Aspen’s Scott Hutcheson: Developer, athlete, Olympic bid leader
Oct 11, 2018
The roots and passion for real estate began at a young age for Scott Hutcheson and his brother Blake.
It was only natural the two high-profile Canadian corporate real estate executives would follow careers in the industry.
“My family were entrepreneurs. My great, great grandfather, great grandfather, grandfather were all in the lumber business. When I grew up, my grandfather was always talking about acreage and land values. So, it started before I even knew much about life that there was an entrepreneurial discussion in the household,” said the 59-year-old Scott Hutcheson, who was born and raised in Huntsville, Ont.
“And my dad developed some land on some waterfront, a shoreline, that was timber land that he saw the opportunity to pull some of the timber off it and develop the waterfront. That conversation was going on when I was seven and Blake was eight.
“And the two of us heard land values and waterfront development values and opportunities to do something different with real estate. And it was started that young and it affected both of us. I think we grew up at breakfast hearing about land value.”
Today, Scott Hutcheson is executive chair of Aspen Properties in Calgary and chair of the Calgary Olympic Bid Corporation for the 2026 Winter Olympics and Paralympics and Blake Hutcheson is president of OMERS.
Hutcheson’s road to Aspen
Scott Hutcheson’s rise to the top as a big player in Canadian real estate was a long journey that initially took him to the United States. He didn’t finish high school because he joined the Canadian ski team in 1978 as a development team member. He skied mostly slalom and giant slalom, competing in world championships and World Cups. His ranking was somewhere in the 40s in the world.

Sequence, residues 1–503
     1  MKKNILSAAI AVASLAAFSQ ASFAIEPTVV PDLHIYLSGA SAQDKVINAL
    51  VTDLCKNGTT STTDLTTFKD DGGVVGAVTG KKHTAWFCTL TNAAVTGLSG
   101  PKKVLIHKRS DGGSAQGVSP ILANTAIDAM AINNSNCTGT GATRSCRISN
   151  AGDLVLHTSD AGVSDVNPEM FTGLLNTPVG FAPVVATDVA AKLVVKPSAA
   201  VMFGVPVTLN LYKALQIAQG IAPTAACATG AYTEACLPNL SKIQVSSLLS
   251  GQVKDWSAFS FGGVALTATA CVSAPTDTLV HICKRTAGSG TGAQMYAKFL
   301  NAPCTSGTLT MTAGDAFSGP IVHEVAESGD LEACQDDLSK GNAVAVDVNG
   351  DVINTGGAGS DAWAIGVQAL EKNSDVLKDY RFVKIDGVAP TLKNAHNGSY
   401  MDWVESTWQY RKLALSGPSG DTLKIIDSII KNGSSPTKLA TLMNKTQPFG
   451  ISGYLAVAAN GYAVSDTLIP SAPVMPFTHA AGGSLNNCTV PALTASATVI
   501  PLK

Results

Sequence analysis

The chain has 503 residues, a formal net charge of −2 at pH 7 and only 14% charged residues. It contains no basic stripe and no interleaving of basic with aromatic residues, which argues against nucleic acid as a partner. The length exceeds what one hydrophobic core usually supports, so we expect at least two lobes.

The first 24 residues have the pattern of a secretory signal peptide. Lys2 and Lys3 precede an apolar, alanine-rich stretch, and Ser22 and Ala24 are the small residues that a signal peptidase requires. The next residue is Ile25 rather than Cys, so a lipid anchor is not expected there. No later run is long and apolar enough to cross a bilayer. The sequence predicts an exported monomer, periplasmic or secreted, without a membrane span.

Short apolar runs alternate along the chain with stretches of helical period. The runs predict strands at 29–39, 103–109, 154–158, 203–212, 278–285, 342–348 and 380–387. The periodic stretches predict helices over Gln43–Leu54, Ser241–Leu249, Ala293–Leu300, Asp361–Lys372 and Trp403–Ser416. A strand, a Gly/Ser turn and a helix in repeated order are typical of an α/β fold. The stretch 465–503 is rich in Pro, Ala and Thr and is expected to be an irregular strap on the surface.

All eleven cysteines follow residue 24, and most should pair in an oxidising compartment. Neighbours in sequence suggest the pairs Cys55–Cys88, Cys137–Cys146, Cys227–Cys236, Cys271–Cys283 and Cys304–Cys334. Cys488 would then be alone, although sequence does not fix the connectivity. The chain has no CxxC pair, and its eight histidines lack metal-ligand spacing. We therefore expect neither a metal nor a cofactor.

At the age of 23, he left skiing and did a General Educational Development (GED) exam for a high school graduation equivalency diploma, then attended the University of Utah on a ski scholarship in 1982. Hutcheson was a first-team all-American in the NCAA and helped the school win the NCAA championship in his freshman year, but due to new age restrictions was then ruled ineligible to compete.
“I got an eligibility decline for my second year and it broke my heart,” he says. “I wanted to complete four years with my undergrad. The coaching staff thought I had a pretty good attitude, so they asked me to join the coaching staff and coach the women’s team which allowed me to stay in school and pay for my education.”
He graduated with a finance degree from Utah, which won four NCAA titles in the five years Hutcheson was involved as an athlete and coach.
From there, he went to Wall Street in New York City for a job with Goldman Sachs as a junior investment banker, spending two years in its program. He went back to grad school and did a Masters in real estate at Columbia University.